Incidents of antisemitic hate were up sharply in Oregon and the Pacific Northwest as a whole in 2022, according to new data from the ADL Pacific Northwest, a regional chapter of a national anti-hate group.
“We often say, based on history, that antisemitism is the canary in the coal mine,” said Miri Cypers, the regional director of ADL Pacific Northwest. “White supremacy as a system is connected through antisemitism.”
As a rule, white supremacist ideologies include conspiracy theory-type thinking about Jewish people. Other forms of hate, against Black people, immigrants and the LGBTQ+ community, for example, are fostered in those same ideologies. Understanding the roots of those racist belief systems is key to combating them, Cypers said.
“These different forms of prejudice are really interconnected when it comes to the health of our democracy and how we treat minorities,” Cypers said.
The ADL recorded 40 incidents of antisemitic hate in Oregon in its 2022 audit, the most ever, and 65 incidents in Washington, also a record. Reported incidents were up 36% nationally, according to the ADL.
Since 1979, the ADL has conducted an annual audit of acts of harassment and intimidation against Jewish people. Staff compile and review information provided by victims, law enforcement and community leaders. The actions reported in the Pacific Northwest this year included distributing antisemitic flyers, a bomb threat at a Jewish school in Seattle and a racist attack on a Portland library security guard who was Jewish.
There have already been at least three incidents of antisemitic flyering in Oregon in 2023 — all in Lane County. But there has also been pretty immediate push-back.
Within a week of all three incidents, volunteers conducted counter-flyering and door-knocking campaigns. Those efforts were led by the Community Alliance of Lane County, a local chapter of Showing Up For Racial Justice and two Eugene-based neighborhood associations. The goal was to spread more inclusive messages of peace and to let people in the community know how to report future such incidents, said Stephen Piggott, who studies right-wing extremism as a program analyst with the Western States Center, a civil rights group.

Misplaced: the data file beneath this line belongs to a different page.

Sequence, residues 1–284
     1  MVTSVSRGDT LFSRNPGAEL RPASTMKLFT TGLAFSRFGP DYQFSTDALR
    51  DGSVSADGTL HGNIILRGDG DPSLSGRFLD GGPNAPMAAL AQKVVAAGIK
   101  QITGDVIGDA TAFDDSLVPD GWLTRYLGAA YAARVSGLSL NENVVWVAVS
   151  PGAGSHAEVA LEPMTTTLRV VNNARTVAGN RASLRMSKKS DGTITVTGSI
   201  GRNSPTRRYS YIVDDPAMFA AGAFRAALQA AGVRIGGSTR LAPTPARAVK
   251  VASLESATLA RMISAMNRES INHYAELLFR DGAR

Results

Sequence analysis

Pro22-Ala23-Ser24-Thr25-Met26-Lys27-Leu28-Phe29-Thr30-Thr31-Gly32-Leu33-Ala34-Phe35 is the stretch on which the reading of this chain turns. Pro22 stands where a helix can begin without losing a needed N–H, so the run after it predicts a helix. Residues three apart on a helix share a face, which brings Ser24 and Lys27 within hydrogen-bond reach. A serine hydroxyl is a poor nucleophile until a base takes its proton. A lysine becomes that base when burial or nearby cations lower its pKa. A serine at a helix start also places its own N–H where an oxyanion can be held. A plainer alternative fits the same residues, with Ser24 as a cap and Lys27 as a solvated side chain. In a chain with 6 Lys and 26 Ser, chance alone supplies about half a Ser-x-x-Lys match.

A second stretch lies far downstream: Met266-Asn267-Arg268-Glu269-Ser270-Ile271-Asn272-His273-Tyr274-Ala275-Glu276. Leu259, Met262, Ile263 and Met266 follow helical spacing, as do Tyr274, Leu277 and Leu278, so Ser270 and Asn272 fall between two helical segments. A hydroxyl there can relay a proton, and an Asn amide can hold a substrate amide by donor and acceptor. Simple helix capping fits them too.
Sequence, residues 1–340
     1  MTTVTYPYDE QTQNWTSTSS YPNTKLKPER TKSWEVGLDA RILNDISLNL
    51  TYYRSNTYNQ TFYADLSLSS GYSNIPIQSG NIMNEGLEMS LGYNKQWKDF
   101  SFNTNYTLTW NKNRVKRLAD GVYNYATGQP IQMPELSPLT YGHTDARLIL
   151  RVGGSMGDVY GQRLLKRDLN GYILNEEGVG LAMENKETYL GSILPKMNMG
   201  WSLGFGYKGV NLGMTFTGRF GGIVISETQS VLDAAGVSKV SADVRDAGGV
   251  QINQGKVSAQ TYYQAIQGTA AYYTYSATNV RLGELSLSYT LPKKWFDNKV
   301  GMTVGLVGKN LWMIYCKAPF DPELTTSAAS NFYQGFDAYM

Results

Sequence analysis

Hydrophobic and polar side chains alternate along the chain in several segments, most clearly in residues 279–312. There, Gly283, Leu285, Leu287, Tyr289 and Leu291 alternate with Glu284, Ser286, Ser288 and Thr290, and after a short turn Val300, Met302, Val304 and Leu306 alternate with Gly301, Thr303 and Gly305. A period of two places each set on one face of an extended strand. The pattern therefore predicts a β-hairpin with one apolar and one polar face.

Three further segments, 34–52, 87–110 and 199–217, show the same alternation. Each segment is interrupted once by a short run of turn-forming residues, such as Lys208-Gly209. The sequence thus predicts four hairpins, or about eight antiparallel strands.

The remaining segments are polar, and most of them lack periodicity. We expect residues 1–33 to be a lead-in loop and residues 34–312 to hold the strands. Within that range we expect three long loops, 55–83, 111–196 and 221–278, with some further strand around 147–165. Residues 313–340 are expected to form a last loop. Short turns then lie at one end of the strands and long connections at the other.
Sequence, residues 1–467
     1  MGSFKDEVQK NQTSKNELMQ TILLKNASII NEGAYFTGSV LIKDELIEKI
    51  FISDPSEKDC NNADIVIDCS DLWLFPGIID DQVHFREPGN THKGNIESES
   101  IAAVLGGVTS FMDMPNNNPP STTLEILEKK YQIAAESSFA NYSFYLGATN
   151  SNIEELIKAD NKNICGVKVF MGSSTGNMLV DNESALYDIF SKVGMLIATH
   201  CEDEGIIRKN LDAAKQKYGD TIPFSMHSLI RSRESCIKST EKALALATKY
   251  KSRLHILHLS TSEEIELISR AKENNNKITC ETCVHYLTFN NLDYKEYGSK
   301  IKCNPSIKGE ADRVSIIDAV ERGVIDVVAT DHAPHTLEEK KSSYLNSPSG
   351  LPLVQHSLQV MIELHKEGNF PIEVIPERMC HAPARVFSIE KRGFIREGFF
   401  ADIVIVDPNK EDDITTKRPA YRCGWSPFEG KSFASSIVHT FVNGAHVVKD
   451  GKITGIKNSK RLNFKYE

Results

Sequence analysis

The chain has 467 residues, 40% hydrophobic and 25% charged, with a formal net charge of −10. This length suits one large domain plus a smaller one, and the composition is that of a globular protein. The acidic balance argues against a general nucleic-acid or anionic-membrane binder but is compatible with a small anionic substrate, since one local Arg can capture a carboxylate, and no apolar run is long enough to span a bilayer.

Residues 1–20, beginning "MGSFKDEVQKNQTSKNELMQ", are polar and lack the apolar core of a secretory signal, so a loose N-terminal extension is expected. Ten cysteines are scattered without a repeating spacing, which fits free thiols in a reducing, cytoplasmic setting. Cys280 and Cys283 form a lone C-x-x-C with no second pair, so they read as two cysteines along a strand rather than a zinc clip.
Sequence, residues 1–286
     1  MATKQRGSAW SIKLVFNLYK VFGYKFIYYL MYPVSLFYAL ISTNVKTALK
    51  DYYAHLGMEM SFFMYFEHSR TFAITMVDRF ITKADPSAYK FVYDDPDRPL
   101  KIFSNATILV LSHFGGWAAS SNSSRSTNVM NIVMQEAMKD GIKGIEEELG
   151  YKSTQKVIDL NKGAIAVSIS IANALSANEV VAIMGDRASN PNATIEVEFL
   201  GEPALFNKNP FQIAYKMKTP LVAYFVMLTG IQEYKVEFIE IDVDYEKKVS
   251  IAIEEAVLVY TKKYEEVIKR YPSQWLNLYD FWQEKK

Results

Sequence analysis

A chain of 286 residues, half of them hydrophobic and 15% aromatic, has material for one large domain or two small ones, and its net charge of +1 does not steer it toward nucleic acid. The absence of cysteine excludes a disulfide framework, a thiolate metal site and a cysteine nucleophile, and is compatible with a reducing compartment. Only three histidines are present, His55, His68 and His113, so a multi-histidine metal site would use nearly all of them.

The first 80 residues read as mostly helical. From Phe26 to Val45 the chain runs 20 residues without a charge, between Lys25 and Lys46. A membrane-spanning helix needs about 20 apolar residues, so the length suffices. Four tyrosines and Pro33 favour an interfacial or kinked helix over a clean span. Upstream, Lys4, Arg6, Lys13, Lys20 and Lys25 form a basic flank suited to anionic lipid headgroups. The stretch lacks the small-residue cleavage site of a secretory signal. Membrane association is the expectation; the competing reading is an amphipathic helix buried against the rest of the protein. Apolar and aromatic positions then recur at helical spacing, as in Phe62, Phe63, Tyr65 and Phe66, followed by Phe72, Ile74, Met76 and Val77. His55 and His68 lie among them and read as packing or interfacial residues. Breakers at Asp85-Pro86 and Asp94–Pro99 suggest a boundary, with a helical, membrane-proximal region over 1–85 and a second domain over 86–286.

“Having something so timely is also super powerful,” Piggott said. “This is exactly what these bigoted groups despise.”
People who spread messages of hate are hoping for media attention that will amplify their rhetoric, he said. Ultimately, they seek to instill fear in people who belong to whatever group is their current target.
But in Lane County this year, “their attempt to sew fear and intimidation has been met by a much stronger message, which is a message of community unity,” Piggott said.
The organizers involved in the counter-flyering campaigns who spoke to OPB were wary of giving their full names, for fear of doxxing by the extremists they are working against. Two different organizers confirmed that about 20 people participated in the counter-flyering for the first two incidents in late January and early February. The response to the third incident, which happened in the Santa Clara neighborhood of Eugene, pulled a larger response of close to 50 volunteers handing out flyers with the words “LOVE YOUR NEIGHBORS - NO PLACE FOR HATE” in all caps.
One volunteer with Showing Up for Racial Justice, a group that focuses on organizing white people to stand up for civil rights, said she initially worried that the counter-flyering was merely reactive. But she now sees the coming together of neighbors against hate to be far more powerful than the original acts of intimidation.
“It’s not just that they’re keeping us busy responding to hateful acts. We’re actually becoming stronger and building more connections to our community in response to those hateful acts,” said Laura, who asked to be identified only by her first name out of fear for her safety “as a Jewish person, up against neo-Nazis.”
And she says the multi-racial, multi-religious coalitions being built will keep showing up, no matter who is being targeted. “We are more than that hate and that pain,” she said. “There is so much love in the community.”
One way to report hate incidents is to call Oregon’s Bias Response Hotline at 1-844-924-BIAS or to file an incident report online at StandAgainstHate.Oregon.gov. The hotline, which is run by the Oregon Department of Justice, became operational in January 2020 and has since been bolstered with additional funding and staffing. The majority of calls in 2021, the latest year with complete data, were to report incidents against Black and Asian people.
Cypers, of the ADL, said the hotline creates a safe way for people to report incidents of hate to which they might otherwise not know how to respond.
“As much as these are grim statistics,” she said, “we’re also inspired by how many people are speaking up and the kind of leadership that Oregon and the attorney general and other leaders are showing, and we really hope that it’s a model for the nation.”
Correction: The name of one of the organizations involved in counter-flyering has been updated to reflect its correct name, which is Showing Up for Racial Justice.